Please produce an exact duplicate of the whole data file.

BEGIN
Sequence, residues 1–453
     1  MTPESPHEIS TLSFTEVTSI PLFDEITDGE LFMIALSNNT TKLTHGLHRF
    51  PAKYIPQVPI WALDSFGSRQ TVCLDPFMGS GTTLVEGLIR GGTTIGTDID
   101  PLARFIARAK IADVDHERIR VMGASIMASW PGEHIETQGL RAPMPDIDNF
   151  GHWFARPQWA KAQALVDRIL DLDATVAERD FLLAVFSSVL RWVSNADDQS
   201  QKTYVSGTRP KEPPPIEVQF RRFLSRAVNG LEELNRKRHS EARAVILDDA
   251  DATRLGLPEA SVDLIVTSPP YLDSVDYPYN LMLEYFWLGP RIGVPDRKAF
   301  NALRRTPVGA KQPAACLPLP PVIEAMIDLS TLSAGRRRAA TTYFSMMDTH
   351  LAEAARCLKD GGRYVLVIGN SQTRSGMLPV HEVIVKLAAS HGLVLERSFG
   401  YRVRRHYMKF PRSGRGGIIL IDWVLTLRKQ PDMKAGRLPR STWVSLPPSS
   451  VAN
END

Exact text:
Sequence, residues 1–453
     1  MTPESPHEIS TLSFTEVTSI PLFDEITDGE LFMIALSNNT TKLTHGLHRF
    51  PAKYIPQVPI WALDSFGSRQ TVCLDPFMGS GTTLVEGLIR GGTTIGTDID
   101  PLARFIARAK IADVDHERIR VMGASIMASW PGEHIETQGL RAPMPDIDNF
   151  GHWFARPQWA KAQALVDRIL DLDATVAERD FLLAVFSSVL RWVSNADDQS
   201  QKTYVSGTRP KEPPPIEVQF RRFLSRAVNG LEELNRKRHS EARAVILDDA
   251  DATRLGLPEA SVDLIVTSPP YLDSVDYPYN LMLEYFWLGP RIGVPDRKAF
   301  NALRRTPVGA KQPAACLPLP PVIEAMIDLS TLSAGRRRAA TTYFSMMDTH
   351  LAEAARCLKD GGRYVLVIGN SQTRSGMLPV HEVIVKLAAS HGLVLERSFG
   401  YRVRRHYMKF PRSGRGGIIL IDWVLTLRKQ PDMKAGRLPR STWVSLPPSS
   451  VAN